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Protesters Sue Turkey Over Attack by Erdogan’s Guards in DC

The five American citizens are asking for $310 million.

Douglas Bregman and Andreas Akaras. Photograph by Jeff Elkins

People beaten by Turkish government security agents in DC last year filed a suit Friday against the Republic of Turkey. The suit, which asks for $310 million in damages, was filed in US District Court in DC and is a rare civil action against a foreign government. It was brought on behalf of five American citizens and claims Turkey and its agents committed assault, battery, conspiracy, and terrorism. One of the plaintiffs is Lucy Usoyan, who suffered brain damage in the attacks.

The suit arises from protests against Turkish President Recep Tayyip Erdogan last May in Sheridan Circle. Midway through the protests, Turkish security agents, along with Turkish-American citizens, rushed through police lines and assaulted primarily Kurdish protesters. Screaming “Die, Kurds!” they beat and kicked the protesters, including Usoyan.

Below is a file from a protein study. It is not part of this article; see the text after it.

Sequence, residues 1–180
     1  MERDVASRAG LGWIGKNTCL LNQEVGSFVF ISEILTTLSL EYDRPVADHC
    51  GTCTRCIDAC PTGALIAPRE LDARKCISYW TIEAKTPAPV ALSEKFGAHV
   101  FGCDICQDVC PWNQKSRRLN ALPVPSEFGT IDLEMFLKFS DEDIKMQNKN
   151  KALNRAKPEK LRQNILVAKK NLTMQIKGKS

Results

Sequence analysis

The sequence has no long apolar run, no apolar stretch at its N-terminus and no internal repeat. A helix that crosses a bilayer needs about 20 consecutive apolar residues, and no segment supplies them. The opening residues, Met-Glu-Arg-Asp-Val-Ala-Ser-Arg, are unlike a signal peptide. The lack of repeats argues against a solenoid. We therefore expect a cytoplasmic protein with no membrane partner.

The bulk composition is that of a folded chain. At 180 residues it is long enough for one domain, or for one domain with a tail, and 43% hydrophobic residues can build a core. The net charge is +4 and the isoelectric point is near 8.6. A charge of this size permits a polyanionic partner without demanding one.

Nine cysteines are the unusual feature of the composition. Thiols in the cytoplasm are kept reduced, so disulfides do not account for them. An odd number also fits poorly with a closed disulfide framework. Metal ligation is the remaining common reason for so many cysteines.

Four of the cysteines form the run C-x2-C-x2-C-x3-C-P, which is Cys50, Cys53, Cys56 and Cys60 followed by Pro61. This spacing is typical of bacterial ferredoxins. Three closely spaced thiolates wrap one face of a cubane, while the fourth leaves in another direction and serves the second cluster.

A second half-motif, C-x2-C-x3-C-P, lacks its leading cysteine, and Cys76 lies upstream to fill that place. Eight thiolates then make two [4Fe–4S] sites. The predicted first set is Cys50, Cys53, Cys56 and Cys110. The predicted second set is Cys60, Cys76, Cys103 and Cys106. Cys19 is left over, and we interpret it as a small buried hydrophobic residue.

Video of the attacks enraged members of the House of Representatives, which approved a resolution 397-0 “for perpetrators to be brought to justice and measures to be taken to prevent similar incidents in the future.”

Friday’s lawsuit relies primarily on the Foreign Sovereignties Immunity Act (FSIA), which defines specific violations of US law for which foreign governments can be sued in US courts. “The FSIA is not meant to be a foil to protect rogue countries or the leadership of any state from being sued in US courts,” says Andreas Akaras, a litigator with Bregman, Berbert, Schwartz & Gilday, the Bethesda firm that is helping bring the case. Steven Perles, who has won judgments and damages against Libya under the FSIA, is part of the legal team.

Michael Tigar, a DC attorney who successfully sued Chile over the assassination of Orlando Letelier in 1976, is representing another set of victims of last May’s attacks. That lawsuit has not yet been filed.

Last July a federal grand jury returned indictments against 19 Turkish men on charges of ranging from aggravated assault to hate crimes. The Justice Department has since dropped charges against all but four. Two men arrested for the attacks pleaded guilty to charges and were sentenced to a year behind bars.

The Turkish embassy declined to comment on the civil suit filed Friday. Erdogan has scoffed at the criminal indictments.

The lawsuit filed Friday remains under seal until the judge rules on a motion to keep the names of some of the plaintiffs secret.

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